Broadclip, a company introducing MediaCatcher, a Facebook application that acts as a Tivo for Internet radio, had a rough afternoon here at Techcrunch40, a showcase for emerging companies in San Francisco. First, the company chose to use its entire eight minute presentation slot for a canned video, with no people on stage. The audience refrained from booing. Barely.
â''So much of this business is about people,â'' noted expert panelist Loic LeMeur, an entrepreneur. â''It was a bad idea to escape from the stage.â''
It didnâ''t get better for Broadclip during the panel discussion that follows every group of five presentations. When questioned about the legality of a product that crawls the Internet and clips music streams out of live feeds, making those clips available for a user to move to a portable music player without payment, the company representative argued that the service increases revenue to music companies by increasing the number of listeners to a radio station broadcast. Panelist MC Hammer (yes, that MC Hammer, heâ''s gotten involved in a startup company lately) jumped in vehementally, â''You are not increasing revenues!â''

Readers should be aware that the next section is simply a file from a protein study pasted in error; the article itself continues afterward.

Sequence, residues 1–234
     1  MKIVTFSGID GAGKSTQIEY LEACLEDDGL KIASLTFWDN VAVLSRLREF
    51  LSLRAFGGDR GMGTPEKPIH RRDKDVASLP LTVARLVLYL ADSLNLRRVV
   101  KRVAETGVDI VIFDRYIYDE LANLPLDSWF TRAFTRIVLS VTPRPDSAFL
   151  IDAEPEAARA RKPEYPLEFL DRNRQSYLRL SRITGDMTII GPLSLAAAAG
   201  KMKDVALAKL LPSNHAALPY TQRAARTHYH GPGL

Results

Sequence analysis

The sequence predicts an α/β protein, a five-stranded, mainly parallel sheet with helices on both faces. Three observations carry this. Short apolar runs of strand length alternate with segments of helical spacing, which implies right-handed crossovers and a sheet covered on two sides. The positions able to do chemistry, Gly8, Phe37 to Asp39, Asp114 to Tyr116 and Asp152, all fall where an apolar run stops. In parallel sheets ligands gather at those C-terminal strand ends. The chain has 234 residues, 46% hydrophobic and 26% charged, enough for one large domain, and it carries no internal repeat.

Don Dodge, former vice president of Napster, who was in the audience, couldnâ''t stay out of this discussion. â''I lived that life,â'' Dodge said. â''Youâ''re wrong, whether you are increasing revenues or not is irrelevant. You are going to have trouble.â''
And conference host Jason Calacanis closed the discussion, unable to resist commenting that Dodge put the nail in it and Hammer, well, the joke didnâ''t exactly flow, but it clearly wasnâ''t a good afternoon for Broadclip.